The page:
On March 9, USA Today's On Politics blog and the Politico both repeated the false suggestion that a National Labor Relations Board (NLRB) election is currently required before obtaining union representation. Reporting on Berkshire Hathaway chairman and CEO Warren Buffett's March 9 interview on CNBC's Squawk Box, USA Today reporters Jill Lawrence and Eugene Kiely wrote that the Employee Free Choice Act (EFCA) would “give workers the option to bypass secret elections as they decide whether to form a union. Instead of an election run by the National Labor Relations Board, workers could fill out cards saying whether they support or oppose a union.” Similarly, Politico chief political correspondent Mike Allen wrote that the EFCA “would allow a union to form after enough workers in a shop sign cards, or petitions, rather than voting by secret ballot.” But the suggestion that a secret ballot election is currently required before workers can form a union is false. As Media Matters for America noted in response to earlier USA Today and Politico articles that contained the same falsehood, current law already allows a union that shows it has the support of a majority of workers to represent the workers if their employer voluntarily agrees to recognize the union.
The NLRB, in its September 2007 Dana Corp. decision, noted the existence and legality of voluntary recognition: “We do not question the legality of voluntary recognition agreements based on a union's showing of majority support. Voluntary recognition itself predates the National Labor Relations Act and is undisputedly lawful under it.” In the decision, the board later observed that when an employer voluntarily recognizes a union, "[t]he employer's obligation to bargain with the union attaches immediately. For instance ... the union can begin its representation of employees, its processing of their grievances, and its bargaining with the employer for a first contract." In addition, the dissent in Dana stated that “it is beyond dispute that an employer may voluntarily recognize a union that has demonstrated majority support by means other than an election, including -- as in the present cases -- authorization cards signed by a majority of the unit employees.”
From a March 9 post to the USA Today On Politics blog:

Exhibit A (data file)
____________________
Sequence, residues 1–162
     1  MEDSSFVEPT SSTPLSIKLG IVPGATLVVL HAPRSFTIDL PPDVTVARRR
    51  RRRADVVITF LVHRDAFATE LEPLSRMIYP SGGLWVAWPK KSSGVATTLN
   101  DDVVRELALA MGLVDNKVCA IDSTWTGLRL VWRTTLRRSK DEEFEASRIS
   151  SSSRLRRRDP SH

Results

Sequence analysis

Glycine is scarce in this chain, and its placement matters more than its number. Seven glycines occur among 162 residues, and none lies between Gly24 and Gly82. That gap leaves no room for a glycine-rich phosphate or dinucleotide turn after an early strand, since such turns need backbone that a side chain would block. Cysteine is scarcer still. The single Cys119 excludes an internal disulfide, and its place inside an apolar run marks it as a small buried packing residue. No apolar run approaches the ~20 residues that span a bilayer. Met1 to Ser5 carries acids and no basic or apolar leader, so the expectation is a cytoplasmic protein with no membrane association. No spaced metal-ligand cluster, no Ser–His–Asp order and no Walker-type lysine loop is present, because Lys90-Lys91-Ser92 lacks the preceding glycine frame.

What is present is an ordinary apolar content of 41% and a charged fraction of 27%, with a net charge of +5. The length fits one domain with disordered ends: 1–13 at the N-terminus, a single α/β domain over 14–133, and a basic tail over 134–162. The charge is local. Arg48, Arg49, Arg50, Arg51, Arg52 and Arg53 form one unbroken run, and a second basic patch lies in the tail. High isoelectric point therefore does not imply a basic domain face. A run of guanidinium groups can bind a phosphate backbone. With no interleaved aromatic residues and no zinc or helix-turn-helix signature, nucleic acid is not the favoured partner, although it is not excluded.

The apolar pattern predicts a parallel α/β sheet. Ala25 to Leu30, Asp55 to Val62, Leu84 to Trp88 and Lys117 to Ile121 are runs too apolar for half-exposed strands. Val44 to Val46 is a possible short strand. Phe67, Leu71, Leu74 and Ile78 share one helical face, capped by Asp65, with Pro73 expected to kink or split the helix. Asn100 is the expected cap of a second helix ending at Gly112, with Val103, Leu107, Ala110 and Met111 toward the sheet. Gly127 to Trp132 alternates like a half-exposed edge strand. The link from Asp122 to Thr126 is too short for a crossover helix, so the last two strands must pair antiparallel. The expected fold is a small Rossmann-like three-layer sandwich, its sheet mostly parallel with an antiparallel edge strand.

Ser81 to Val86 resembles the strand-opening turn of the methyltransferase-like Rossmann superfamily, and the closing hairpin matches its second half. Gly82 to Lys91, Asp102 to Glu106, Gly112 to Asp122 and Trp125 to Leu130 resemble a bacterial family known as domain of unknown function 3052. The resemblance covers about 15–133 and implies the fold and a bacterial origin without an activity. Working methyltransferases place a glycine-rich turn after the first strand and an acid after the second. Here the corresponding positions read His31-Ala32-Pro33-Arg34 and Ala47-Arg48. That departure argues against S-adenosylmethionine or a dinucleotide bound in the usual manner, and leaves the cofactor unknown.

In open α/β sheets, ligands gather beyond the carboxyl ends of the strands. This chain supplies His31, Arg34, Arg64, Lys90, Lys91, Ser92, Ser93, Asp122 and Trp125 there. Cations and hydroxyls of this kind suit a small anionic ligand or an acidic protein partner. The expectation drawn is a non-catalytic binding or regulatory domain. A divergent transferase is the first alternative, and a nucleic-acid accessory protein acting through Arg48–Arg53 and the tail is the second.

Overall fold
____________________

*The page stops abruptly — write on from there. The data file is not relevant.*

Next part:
Weighing in on a controversy that has been looming for weeks, billionaire investor Warren Buffett on CNBC this morning called the Employee Free Choice Act a “mistake.”
Known to opponents as “card check,” the proposal would give workers the option to bypass secret elections as they decide whether to form a union. Instead of an election run by the National Labor Relations Board, workers could fill out cards saying whether they support or oppose a union.
Though the card check bill has not advanced, both sides are itching for a fight later this year.
“I think the secret ballot's pretty important in the country. I'm against card check to make a perfectly flat statement,” said Buffett. He later added that “the people who are in unions have not been well treated by the tax code that we've had.”
Here's the liberal argument for card check and here's a link to the video of Buffett on CNBC.
From the March 9 Politico article:
Tomorrow, Democrats in both houses of Congress plan to introduce a union-organizing bill that is labor's top priority for the year, Democratic officials said.
The result could be a high-decibel, high-stakes brawl between business and labor, which strongly supported President Barack Obama. Unions have been getting impatient for attention to the issue, and the push to introduce legislation is a way to ratchet up pressure on Congress.
President Obama, who has said he recognizes that “the business community ... considers this to be the devil incarnate,” said in January that he would like to bring the sides together.
The measure -- widely known as card check and formally as the Employee Free Choice Act -- would allow a union to form after enough workers in a shop sign cards, or petitions, rather than voting by secret ballot.
“The fact that the bill is being introduced so early in the session is an indication of it being a priority and of confidence in the vote count,” said a Democratic official involved in the negotiations.